President Joe Biden plans to mark the one-year anniversary since the broad adoption of COVID-19 public health restrictions by memorializing the nation's profound losses and discussing how he anticipates the country will begin emerging from the pandemic.
The president's first primetime address to the nation comes on his 50th day in office — a later point than when recent past presidents have requested television air time to address Americans — and just a day after the Democratic-controlled Congress fulfilled a signature campaign pledge by passing one of the most sweeping federal spending plans in U.S. history on a party-line vote.
"I'm going to talk about what comes next. I'm going to launch the next phase of the COVID response and explain what we will do as a government. And what we'll ask of the American people," Mr. Biden said Wednesday afternoon in a preview of his remarks.
A senior aide told CBS News that the speech is designed to be "an optimistic look at what the next few months will look like in terms of battling COVID-19."
The roughly 18-minute address will pay tribute to the sacrifices made by the American public, to the more than 500,000 lives lost and to the millions whose lives have been transformed by the pandemic.
Mr. Biden is set to describe what he and aides consider to be the greatest operational challenge ever faced by the U.S. and to tout how his young administration has worked rapidly to ramp up vaccine development and distribution, helping to support more than 400 vaccination sites nationwide while securing the purchase of hundreds of millions of doses.
Asked to summarize what the president might say, White House senior adviser Cedric Richmond this week laid it out in stark terms: "I told you when I was running, I had a plan. I told you that I wanted to do 100 million shots. I told you I wanted to get help to open schools. I wanted to give people $2,000, here's another $1,400 of it. And that's what I said I was gonna do; that's what I did. And the other thing I said I want to do is help us come together — which we are — and you know what? We can't let our guards down."
Richmond added, "It's going to be something like that, but a lot more eloquent."
While Thursday evening's address is likely to draw the president's largest audience since Inauguration Day, the White House is increasingly turning its attention to a series of public events that the president, Vice President Harris and other senior administration officials will hold across the country in the coming weeks to begin selling, defending and explaining details of the nearly $2 trillion American Rescue Plan.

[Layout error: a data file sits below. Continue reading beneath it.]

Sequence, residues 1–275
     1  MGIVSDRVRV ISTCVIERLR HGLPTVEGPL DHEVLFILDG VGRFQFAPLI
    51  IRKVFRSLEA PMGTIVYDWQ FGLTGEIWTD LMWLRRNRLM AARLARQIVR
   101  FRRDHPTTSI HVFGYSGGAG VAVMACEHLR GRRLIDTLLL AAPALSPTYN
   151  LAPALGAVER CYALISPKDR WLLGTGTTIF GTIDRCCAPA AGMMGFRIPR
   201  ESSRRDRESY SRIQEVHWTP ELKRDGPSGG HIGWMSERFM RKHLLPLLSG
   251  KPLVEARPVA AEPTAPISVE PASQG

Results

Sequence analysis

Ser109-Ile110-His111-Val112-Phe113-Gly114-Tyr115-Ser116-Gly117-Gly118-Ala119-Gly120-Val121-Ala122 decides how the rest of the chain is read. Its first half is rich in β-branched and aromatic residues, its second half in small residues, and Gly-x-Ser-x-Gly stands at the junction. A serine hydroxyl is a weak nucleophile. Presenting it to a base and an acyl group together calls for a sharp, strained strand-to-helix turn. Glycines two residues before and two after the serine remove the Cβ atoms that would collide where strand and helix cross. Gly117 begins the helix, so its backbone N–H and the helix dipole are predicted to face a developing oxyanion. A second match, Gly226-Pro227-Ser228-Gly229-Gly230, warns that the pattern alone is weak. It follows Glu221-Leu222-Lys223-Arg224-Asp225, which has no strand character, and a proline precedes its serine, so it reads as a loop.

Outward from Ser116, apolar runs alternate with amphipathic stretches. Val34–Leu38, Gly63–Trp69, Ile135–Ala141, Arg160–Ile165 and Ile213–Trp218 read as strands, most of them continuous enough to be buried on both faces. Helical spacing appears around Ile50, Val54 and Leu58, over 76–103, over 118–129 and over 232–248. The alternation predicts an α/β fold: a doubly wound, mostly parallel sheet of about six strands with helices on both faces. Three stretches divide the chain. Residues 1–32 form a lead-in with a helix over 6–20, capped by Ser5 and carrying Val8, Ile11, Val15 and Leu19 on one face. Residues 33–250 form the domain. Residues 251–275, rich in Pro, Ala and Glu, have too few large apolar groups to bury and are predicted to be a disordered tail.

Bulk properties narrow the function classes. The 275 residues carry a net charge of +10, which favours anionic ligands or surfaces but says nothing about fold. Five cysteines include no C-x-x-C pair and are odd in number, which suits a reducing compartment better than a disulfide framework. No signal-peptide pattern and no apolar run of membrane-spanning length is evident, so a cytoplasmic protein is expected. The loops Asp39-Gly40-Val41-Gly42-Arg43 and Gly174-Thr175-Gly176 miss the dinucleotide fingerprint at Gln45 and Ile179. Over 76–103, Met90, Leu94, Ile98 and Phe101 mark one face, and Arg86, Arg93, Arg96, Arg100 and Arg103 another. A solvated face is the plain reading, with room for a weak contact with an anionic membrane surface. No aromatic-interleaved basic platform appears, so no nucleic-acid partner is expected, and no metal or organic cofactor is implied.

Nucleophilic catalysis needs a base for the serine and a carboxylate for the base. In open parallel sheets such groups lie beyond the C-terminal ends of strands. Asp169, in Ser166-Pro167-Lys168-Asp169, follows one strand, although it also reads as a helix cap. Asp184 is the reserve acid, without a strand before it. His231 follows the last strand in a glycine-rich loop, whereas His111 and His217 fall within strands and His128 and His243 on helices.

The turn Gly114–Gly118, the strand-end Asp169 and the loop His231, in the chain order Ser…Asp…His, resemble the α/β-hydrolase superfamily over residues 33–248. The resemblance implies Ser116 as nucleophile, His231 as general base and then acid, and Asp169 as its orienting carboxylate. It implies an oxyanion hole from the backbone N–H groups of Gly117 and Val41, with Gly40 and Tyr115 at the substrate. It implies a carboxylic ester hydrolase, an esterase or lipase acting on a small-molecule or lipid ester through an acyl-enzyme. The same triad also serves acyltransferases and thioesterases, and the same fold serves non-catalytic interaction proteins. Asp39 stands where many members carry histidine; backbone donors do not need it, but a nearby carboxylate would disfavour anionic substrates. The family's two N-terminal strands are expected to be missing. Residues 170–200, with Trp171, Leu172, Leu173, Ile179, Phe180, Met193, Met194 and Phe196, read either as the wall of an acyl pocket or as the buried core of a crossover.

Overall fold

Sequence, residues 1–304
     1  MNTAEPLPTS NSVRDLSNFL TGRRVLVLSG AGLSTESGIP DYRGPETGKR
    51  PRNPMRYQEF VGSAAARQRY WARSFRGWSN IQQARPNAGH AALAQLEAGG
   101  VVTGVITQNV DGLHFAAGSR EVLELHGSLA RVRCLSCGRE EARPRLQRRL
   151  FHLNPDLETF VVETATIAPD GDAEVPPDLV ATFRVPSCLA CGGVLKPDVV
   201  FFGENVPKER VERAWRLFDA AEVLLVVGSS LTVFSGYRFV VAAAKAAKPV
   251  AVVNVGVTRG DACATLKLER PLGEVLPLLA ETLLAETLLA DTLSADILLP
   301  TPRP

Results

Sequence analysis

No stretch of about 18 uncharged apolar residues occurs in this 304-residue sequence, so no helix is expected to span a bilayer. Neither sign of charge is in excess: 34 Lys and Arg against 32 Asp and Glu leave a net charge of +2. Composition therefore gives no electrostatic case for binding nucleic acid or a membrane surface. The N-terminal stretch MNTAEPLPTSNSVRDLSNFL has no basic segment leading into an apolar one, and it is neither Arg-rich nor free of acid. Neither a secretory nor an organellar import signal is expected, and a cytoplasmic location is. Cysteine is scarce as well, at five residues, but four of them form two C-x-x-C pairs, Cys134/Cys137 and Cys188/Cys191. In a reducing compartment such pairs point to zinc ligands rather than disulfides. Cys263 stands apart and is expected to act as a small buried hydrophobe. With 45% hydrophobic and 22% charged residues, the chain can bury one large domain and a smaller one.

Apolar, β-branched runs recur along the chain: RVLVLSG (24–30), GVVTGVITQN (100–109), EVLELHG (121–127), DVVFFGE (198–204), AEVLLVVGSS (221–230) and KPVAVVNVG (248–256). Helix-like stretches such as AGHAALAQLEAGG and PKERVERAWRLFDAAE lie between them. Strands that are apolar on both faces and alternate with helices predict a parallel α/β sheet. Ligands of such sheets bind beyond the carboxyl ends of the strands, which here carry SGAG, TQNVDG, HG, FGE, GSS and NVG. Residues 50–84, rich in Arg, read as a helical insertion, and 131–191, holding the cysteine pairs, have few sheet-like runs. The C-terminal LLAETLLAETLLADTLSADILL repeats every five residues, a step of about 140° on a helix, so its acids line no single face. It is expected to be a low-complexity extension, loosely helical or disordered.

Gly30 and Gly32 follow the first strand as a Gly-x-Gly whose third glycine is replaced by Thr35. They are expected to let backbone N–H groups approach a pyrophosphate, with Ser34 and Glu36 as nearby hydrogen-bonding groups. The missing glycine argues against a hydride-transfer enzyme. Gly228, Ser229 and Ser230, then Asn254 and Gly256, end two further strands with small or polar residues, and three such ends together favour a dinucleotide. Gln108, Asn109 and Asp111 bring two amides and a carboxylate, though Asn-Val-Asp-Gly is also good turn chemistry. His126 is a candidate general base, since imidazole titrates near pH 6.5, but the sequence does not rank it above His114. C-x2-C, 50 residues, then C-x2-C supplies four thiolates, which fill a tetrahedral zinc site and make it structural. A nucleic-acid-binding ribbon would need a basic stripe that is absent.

Harris begins the public tour on Monday with an event in Las Vegas while on Tuesday, Mr. Biden is scheduled to visit Delaware County, Pennsylvania, a suburban area outside Philadelphia just minutes from his Delaware home.
White House press secretary Jen Psaki said the events will be like "having a conversation directly with people about how they can benefit, addressing questions they have, even taking their feedback on implementation."
The White House and Democrats are hoping to avoid what they generally agree was a significant political misstep of the first two years of the Obama administration: a failure to properly explain and defend passage of the sweeping 2010 Affordable Care Act and to tout the 2009 passage of a multi-billion stimulus plan designed to claw the country out of the Great Recession.
Earlier this month, Mr. Biden recounted how he had urged his former boss, President Barack Obama, to do more to tout his accomplishments in the run up to the 2010 midterms when Democrats lost total control of Congress.
"I kept saying, 'Tell people what we did.' He said, 'We don't have time. I'm not going to do a victory lap,' and we paid a price for it," Mr. Biden recalled.
Now, with Congress even more closely divided, Democrats are hoping not to make that mistake again.